It is no accident that the story of Colmcille is still with us today after 1500 years. According to Hallam and Ingold (2008), traditions must be worked at to be sustained. Commemorations of Colmcille go back centuries, but a particularly important milestone occurred in 1997, when the then President of Ireland, Mary Robinson, and a Minister of State in the Scottish Office, Brian Wilson, launched a new initiative commemorating the saint. Mary Robinson spoke about “creating an island space … in which Ireland and Scotland can share what they have in common.” (https://www.president.ie/en/media-library/speeches/signatures-on-our-own-frequency-the-sabhal-mor-ostaig-lecture-by-president) Since then a number of acts of commemoration have occurred. This blog focuses on three of these, with reference to mapping.         

The first map, Tír Cholmcille (2003), conceptualised by Roy Pedersen was designed to challenge the way we look at the lands of Ireland and Scotland. We have become so used to looking at maps in a particular way that we forget there are other ways of seeing the world. As Dennis Woods (1992) says of the power of maps, “from their inception, it has been essential that states appear as facts of nature, as real enduring things”. Tír Cholmcille, which can be viewed at https://colmcille.net/wp-content/uploads/2021/04/Colmcille-Map.pdf, puts Ireland and Scotland on one single map. Although there is no change in geography, the map is a radical change in perspective.  A change in angle on the map encourages people to look again at the image they have of the two countries and the physical connection between them.

The second map is entitled Slí Cholmcille.  The route that together landscapes and communities in Ireland and Scotland which are associated with Colmcille and can be viewed here: https://colmcille.net/st-columba-trail/. The route begins in Ireland, the land of Colmcille’s birth, and ends in Scotland, the land where he is buried. En route, one travels across many islands, beginning with Tory Island, off the coast of Donegal. There is a legend associated with Colmcille on Tory island, suggesting that the island’s ruler initially denied Colmcille permission to build a monastery there. Colmcille sought a compromise and proposed that he only required as much land as would be covered by his cloak. Thinking that he could hardly refuse such a small piece of land, the ruler agreed. However, when Colmcille threw down his cloak, it magically expanded until it covered the entire island. The furious ruler set his vicious dog on Colmcille. When the saint saw the beast coming, he blessed him and asked him to die, which the dog duly did!! When the ruler saw this, he repented and granted permission for Colmcille’s monastery.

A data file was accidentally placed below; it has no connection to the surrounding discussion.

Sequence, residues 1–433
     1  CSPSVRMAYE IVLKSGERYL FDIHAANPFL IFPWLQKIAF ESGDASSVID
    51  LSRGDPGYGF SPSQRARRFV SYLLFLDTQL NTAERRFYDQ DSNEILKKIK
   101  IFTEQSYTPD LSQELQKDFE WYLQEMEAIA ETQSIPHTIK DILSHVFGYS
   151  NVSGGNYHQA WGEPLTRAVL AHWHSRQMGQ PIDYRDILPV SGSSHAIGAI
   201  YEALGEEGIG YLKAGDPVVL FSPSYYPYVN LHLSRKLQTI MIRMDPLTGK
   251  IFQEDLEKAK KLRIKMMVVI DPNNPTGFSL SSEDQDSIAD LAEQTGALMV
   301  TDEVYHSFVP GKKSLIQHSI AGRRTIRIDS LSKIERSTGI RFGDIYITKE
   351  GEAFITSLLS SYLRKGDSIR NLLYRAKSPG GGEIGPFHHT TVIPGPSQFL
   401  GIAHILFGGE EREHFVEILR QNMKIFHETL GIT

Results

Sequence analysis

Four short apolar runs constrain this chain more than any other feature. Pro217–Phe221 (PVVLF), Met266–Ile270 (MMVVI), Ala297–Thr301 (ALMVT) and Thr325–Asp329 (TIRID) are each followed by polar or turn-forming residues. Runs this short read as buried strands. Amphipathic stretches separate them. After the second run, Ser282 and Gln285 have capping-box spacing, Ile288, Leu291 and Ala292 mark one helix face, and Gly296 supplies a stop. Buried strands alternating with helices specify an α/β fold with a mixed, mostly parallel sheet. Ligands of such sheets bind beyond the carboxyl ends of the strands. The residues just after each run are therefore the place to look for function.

The third example is a story map entitled Columba’s Scotland. This was designed by Historic Environment Scotland (HES) in 2021. HES commissioned poetry about places associated with the saint which can be viewed at https://storymaps.arcgis.com/stories/ae1235fda91c489e83a414a0d580d4fb.

Scottish islands which feature on the story map, include Eileach an Naoimh, where tradition holds that Columba’s mother is buried. Iona is the island that is most strongly associated with the saint; following a successful £3.75 million appeal, the the Iona Community’s residential and guest accommodation next to the Abbey was re-opened this summer.

All three maps have profound implications for Irish and Scottish communities. In re-imagining the geography of Ireland and Scotland, Tir Cholmcille draws attention to the proximity of these countries to one another. Although legend has it that Colmcille left Ireland and headed to Scotland as a penance for his misdeeds, the map may tell another story. Perhaps Colmcille didn’t necessarily perceive Ireland and Scotland as separate entities and, rather than leaving Ireland, was simple moving northwards from one Gaelic community to another that in need of Christianisation.. The re-orientation of the map draws attention to the shared Gaelic culture, which is particularly strong in the islands. The partnership between Bòrd na Gàidhlig in Scotland and Foras na Gaeilge in Ireland, which has supported these initiatives, has strived to deepen connections between the Scottish Gaelic and Irish Gaelic language communities. The Gaelic dimension has been enhanced with the presentation of placenames in the original Gaelic rather than in an English translation that served to disconnect many islanders from the land and placelore.